Thursday will mark the fifth time the Montreal Canadiens and Washington Capitals face off this season. The Internets are awash with intelligent analyses and strong opinions, and we were feeling left out. So we got the RMNB team together and pounded a bunch of latte macchiatos with guarana infusions.
All we could come up with is five smart points that will characterize the series and then a handful of jokes. Pity us and read on.
Contrary to popular belief, having the best player in the world doesn’t necessarily mean playoff success or anything. I mean, the Caps can pretty much score at will, but that doesn’t mean we should be too bold – like, cause a “my goalie is better than your goalie” scandal. No, the only thing this Caps fan DOES guarantee is that eventually the second and third lines will have to score because the D-pairing of Spacek and Hamrlik put something on Ovechkin that Ajax can’t take off.
Japers’ Rink considers the individual match-up between Ovechkin and Markov to be key, and while it is true that Markov has played against the stiffest of MTL’s competition, consider the evidence from this season:
The Caps top line of Ovechkin-Backstrom-Knuble-Green-Schultz has one (1!) goal at even strength when Spacek and Hamrlik are on the ice. One. Goal. And that was a Backstrom tally February 10, 2010 when the Capitals lost to Montreal in OT 6-5.
Or how about during the game November 28, 2009 when Spacek and Hamrlik combined for 11 blocked shots of the night: 7 of those Ovechkin’s. You might be saying, “Well, yea, but Ovechkin scored that night!” True, but it was against the D-pairing of Spacek and Mara.
With Spacek and Hamrlik guarding him on the ice during even strength, Ovechkin has been held to 2 Assists in 4 games. And one of those assists is a secondary – not exactly Great 8 numbers.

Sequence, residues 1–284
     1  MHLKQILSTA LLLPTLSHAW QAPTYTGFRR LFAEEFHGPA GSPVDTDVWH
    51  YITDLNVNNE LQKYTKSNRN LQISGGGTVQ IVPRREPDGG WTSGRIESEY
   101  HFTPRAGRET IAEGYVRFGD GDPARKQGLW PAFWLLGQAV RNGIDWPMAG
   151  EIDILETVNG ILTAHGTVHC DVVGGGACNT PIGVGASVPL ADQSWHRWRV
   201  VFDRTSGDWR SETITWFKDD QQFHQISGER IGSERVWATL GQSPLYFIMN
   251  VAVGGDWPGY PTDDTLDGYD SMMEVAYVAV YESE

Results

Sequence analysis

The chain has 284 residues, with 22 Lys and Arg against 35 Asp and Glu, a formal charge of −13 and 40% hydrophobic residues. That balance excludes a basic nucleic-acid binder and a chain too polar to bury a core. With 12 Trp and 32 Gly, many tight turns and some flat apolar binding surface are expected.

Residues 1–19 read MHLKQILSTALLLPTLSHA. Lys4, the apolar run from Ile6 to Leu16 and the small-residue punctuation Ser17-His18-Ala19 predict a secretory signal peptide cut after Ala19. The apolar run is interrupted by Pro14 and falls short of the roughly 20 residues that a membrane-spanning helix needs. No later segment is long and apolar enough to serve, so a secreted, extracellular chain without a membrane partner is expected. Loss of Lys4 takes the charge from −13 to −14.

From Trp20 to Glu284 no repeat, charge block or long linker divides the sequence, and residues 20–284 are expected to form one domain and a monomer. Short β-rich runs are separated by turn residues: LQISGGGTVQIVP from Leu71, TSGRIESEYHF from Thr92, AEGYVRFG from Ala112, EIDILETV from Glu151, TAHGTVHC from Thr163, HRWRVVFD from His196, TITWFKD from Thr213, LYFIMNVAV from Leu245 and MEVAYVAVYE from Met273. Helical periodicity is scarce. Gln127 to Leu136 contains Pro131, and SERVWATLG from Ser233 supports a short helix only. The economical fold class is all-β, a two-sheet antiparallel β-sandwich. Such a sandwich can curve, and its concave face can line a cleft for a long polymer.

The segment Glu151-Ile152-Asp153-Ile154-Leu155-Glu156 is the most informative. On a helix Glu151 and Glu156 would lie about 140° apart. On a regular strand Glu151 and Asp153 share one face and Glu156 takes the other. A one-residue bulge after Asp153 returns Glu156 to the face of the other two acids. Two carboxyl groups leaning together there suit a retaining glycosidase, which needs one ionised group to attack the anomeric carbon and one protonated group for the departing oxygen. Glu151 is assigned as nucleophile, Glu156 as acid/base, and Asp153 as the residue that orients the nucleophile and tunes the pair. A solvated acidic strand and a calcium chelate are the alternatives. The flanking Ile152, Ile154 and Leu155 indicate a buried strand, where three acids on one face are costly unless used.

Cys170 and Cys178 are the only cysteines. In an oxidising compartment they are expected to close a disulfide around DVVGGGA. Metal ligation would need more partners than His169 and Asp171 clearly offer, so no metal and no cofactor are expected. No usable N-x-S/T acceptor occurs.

It shouldn’t be a surprise that the combo of Spacek and Hamrlik have been able to shut down the top line of the Caps. They have also consistently played against the top opponents for the Canadiens and have a Goals Against of around 2.4 when they are on the ice, versus MTL GA average of 2.72.
Luckily for us Caps fans we have second and third lines that can light the lamp. While Montreal has their top defensive duo guarding the top line, it has let Fehr, Fleischmann, Semin and Laich pad their stats.
Yeah, these Hab Bashers sure make scoring a lot easier. I just wish they would make it easier to accept the fact that someday this as-yet-unidentified playoff beard fungus will reach my heart and end me.
Alex Ovechkin has been slumping since the Olympics, but now he’s on an uptick. Maybe this isn’t a revelatory analysis, but keep an eye out for the Great Eight. As stated above, the Habs have managed to shut Ovie’s out so far, but we expect this to end lickety split.
Ovechkin also brought his personal trainer over from Russia about two weeks ago; he’ll be here through the end of the season. His parents told me that he’s been tailoring his workouts so that he’ll be at peak condition at the end of this week, for the playoffs, and that this explained his recent scoring slump more than any concerns about being tentative.
Consider for a moment what Alex Ovechkin performing at peak levels would look like. Once you’ve changed your underpants, we’ll continue.
I expect we’ll see a lot more action like this epic goal against Hamerlik.
Who’s got a .922 save percentage since March and a slamming playoff beard? THIS GUY. José Nicholas Roosevelt Théodore (my girlfriend calls him “Hosay Teddy”) is playing some of the best hockey of his life, and he’s had the good taste to do it in a Caps uniform.